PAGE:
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SEAMOR Marine's Chinook ROV helps locate downed cargo jet off Hawaii

1st September 2021

Forward fuselage of the 737 found on the seabed

A SEAMOR Marine, Canada, Chinook ROV has been used by Honolulu, Hawaii-based Sea Engineering to help locate and survey a downed Boeing 737 cargo plane.

 

The plane crashed shortly after takeoff about two miles (3.2 kilometres) offshore from Ewa Beach in Oahu, Hawaii, and sank to the seafloor at a depth of 350 to 450 feet (107 to 137 metres) – a depth too dangerous for divers to navigate. The only two passengers onboard Transair flight 810, both pilots, were rescued by helicopter.

 

“We’re proud of the seasoned Sea Engineering crew that was able to safely and efficiently take on this mission and locate the wreckage within a week of the US National Transportation Safety Board arriving in Honolulu,” said Robin Li, president of SEAMOR Marine. “Our Chinook ROV’s rugged design and powerful thrusters are made for depths and harsh sea conditions like these. The main standard-definition camera, with 180-degree rotation and 30x zoom capability, brought the submerged aircraft clearly into focus with exceptional detail.”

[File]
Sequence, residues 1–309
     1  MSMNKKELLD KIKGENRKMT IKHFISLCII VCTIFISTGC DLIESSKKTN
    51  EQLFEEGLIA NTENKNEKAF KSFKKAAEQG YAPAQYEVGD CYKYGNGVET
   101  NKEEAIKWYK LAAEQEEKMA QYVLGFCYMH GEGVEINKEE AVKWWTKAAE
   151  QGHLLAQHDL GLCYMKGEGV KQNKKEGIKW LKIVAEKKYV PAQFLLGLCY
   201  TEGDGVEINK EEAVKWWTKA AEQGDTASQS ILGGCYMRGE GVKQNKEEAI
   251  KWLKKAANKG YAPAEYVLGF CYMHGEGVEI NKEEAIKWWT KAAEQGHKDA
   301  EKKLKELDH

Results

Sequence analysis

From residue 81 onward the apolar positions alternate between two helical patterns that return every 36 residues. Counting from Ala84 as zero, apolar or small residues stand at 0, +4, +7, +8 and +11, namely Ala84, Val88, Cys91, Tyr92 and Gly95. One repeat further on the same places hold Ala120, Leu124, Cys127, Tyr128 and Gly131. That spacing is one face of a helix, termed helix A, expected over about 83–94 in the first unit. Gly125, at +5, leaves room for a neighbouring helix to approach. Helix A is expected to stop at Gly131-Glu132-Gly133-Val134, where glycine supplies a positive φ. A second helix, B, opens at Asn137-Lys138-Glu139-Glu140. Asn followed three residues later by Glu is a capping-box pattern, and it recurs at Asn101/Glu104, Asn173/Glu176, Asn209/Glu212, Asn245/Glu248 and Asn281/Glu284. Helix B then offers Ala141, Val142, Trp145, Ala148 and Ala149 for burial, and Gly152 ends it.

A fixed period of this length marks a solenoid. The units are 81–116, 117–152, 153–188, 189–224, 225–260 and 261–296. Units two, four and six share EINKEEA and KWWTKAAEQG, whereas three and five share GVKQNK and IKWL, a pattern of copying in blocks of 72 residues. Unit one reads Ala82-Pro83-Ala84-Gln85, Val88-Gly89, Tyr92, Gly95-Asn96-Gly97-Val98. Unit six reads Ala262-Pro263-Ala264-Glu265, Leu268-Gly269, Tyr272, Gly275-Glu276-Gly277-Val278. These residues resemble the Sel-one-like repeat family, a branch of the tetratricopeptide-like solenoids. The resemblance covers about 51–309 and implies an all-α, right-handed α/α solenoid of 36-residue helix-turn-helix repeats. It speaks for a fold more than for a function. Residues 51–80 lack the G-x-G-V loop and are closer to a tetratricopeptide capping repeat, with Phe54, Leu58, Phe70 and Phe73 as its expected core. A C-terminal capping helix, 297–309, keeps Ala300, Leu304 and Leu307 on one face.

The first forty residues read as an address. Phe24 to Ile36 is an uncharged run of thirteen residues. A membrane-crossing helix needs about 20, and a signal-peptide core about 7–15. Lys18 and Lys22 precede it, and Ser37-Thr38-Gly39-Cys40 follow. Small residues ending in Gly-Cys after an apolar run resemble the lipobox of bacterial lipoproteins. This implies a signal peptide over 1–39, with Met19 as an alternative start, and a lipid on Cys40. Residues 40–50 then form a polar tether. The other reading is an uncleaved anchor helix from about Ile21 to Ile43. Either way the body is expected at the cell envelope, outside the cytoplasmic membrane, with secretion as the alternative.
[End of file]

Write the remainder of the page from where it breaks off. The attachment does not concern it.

Sea Engineering used its 43-foot (13-metre) workboat, the Huki Pono, for the ROV operations to locate and survey the wreckage, which included the plane’s wings and tail, both engines, and forward fuselage.

 

“Our team was able to mobilise the ROV onto our vessel within one day of ‘Notice to Proceed.’ The SEAMOR Chinook played a key role in our ability to locate and survey the plane, at a final depth of 350 to 450 feet below the surface,” said Andrew Rocheleau, president at Sea Engineering.

 

As the investigative team develops plans to recover the aircraft and its flight data and cockpit voice recorders, the Chinook ROV will play a critical role.

 

“The Chinook continues to be dependable, fast to mobilise and produces quality data for all of our projects in the Pacific region – from wave energy to the offshore oil and gas, geophysical surveys and marine pollution, and emergency salvage and response,” said Rocheleau.

  • SEAMOR Chinook used to locate the wreckage
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